16-37. Rafts do not have keels, therefore, you can't sail them into the wind. However, anyone can sail a raft downwind. You can successfully sail the seven-man raft 10 degrees off from the direction of the wind. Do not try to sail the raft unless land is near. If you decide to sail and the wind is blowing toward a desired destination, fully inflate the raft, sit high, take in the sea anchor, rig a sail, and use an oar as a rudder.
16-38. In the seven-man raft, erect a square sail in the bow using the oars and their extensions as the mast and crossbar (Figure 16-17). You may use a waterproof tarpaulin or parachute material for the sail. If the raft has no regular mast socket and step, erect the mast by tying it securely to the front cross seat using braces. Pad the bottom of the mast to prevent it from chafing or punching a hole through the floor, whether or not there is a socket. The heel of a shoe, with the toe wedged under the seat, makes a good improvised mast step. Do not secure the corners of the lower edge of the sail. Hold the lines attached to the corners with your hands so that a gust of wind will not rip the sail, break the mast, or capsize the raft.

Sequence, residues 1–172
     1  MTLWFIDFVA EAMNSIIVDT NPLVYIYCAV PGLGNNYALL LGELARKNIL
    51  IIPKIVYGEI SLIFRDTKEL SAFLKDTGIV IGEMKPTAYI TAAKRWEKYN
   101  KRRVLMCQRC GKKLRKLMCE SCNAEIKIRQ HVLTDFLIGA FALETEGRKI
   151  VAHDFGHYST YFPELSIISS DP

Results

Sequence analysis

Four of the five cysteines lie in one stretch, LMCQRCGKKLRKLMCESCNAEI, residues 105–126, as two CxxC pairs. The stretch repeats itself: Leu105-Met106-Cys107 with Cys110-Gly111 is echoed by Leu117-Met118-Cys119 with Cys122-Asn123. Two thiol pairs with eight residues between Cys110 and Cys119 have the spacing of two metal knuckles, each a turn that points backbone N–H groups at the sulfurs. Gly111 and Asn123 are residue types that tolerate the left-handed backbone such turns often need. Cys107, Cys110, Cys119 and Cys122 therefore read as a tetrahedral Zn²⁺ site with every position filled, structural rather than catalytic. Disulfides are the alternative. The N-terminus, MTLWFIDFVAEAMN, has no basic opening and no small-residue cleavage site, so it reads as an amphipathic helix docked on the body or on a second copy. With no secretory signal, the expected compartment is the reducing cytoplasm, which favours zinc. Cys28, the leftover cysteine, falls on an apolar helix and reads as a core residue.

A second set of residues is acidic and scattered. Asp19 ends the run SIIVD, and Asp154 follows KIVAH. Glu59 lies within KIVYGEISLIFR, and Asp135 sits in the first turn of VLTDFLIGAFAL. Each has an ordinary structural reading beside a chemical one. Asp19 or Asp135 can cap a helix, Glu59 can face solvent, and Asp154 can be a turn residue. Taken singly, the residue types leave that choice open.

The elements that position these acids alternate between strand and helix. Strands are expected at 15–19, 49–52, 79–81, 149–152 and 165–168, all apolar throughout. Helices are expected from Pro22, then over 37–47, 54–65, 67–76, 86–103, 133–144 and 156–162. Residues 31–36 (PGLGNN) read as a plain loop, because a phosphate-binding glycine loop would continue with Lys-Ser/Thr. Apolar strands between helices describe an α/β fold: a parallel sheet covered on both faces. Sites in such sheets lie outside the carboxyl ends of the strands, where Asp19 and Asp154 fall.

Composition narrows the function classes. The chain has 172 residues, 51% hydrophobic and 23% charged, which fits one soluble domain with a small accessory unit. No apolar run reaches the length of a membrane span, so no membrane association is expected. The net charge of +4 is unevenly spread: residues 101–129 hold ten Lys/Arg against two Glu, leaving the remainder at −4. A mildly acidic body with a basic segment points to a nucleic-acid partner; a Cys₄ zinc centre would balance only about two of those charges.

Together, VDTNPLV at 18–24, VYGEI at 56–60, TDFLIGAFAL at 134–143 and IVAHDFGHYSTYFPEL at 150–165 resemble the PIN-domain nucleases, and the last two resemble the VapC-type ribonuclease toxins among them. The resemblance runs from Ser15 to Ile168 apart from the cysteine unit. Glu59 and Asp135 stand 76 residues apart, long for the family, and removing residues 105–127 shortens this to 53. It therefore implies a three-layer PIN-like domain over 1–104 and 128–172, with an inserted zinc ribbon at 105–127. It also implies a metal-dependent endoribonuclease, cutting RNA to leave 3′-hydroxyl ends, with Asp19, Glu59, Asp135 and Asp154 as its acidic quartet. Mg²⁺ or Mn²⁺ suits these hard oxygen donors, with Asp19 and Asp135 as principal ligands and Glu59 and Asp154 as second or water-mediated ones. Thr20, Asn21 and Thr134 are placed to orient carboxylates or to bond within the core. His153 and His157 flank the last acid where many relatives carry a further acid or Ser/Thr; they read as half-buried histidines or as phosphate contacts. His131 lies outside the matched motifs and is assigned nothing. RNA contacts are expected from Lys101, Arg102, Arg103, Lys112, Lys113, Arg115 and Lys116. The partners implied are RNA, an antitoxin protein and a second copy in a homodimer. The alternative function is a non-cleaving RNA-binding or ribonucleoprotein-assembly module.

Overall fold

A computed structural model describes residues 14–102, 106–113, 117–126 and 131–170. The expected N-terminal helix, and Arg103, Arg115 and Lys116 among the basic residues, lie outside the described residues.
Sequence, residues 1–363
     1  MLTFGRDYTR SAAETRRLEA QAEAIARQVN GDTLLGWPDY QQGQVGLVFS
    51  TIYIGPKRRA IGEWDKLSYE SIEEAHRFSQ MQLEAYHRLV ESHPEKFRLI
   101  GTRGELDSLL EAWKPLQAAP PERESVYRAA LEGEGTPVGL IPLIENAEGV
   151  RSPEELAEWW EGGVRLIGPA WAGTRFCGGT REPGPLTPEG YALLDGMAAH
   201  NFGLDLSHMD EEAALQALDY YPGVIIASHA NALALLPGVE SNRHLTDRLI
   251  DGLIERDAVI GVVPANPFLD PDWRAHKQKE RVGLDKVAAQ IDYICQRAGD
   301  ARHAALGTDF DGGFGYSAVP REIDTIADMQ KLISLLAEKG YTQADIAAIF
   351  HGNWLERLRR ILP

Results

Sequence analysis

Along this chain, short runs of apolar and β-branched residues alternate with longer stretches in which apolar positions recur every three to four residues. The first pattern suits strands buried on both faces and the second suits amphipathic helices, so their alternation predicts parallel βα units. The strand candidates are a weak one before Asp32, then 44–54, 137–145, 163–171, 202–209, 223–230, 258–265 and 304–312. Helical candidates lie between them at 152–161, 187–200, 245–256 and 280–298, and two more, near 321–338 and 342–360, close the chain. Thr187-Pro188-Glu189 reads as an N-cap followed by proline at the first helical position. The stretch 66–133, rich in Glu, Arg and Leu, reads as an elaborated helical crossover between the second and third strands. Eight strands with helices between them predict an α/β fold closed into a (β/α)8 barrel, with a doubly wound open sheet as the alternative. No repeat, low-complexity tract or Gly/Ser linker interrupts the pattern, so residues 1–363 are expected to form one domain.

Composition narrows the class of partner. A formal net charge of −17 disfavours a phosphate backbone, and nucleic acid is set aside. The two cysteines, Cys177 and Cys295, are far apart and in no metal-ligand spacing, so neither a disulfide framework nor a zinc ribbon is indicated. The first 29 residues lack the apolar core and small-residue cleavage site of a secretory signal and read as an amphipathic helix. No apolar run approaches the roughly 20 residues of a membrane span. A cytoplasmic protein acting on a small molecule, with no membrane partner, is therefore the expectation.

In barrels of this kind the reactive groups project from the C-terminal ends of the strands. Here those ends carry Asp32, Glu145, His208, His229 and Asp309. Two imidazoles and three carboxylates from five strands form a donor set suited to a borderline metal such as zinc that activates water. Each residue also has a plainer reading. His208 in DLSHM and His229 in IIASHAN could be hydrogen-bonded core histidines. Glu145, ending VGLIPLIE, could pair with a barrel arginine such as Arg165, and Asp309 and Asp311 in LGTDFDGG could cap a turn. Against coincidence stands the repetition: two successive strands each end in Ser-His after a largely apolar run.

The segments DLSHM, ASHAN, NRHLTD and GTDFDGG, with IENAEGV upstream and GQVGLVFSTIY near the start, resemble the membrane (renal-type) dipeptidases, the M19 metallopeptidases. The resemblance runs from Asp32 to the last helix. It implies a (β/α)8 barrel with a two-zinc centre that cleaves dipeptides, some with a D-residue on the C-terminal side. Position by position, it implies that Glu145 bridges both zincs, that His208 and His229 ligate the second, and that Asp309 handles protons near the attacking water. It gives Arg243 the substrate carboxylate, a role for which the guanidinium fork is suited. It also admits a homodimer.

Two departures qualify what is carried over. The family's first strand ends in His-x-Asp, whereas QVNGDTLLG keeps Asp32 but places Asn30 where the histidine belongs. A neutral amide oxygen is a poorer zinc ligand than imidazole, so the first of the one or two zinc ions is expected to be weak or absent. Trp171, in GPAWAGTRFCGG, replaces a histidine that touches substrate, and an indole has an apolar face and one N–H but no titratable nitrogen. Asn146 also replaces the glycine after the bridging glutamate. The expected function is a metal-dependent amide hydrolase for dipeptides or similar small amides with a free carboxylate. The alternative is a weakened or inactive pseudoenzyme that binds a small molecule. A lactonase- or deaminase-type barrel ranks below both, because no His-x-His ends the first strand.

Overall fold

Figure 16-17. Sail Construction
16-39. Take every precaution to prevent the raft from turning over. In rough weather, keep the sea anchor away from the bow. Have the passengers sit low in the raft, with their weight distributed to hold the upwind side down. To prevent falling out, they should also avoid sitting on the sides of the raft or standing up. Avoid sudden movements without warning the other passengers. When the sea anchor is not in use, tie it to the raft and stow it in such a manner that it will hold immediately if the raft capsizes.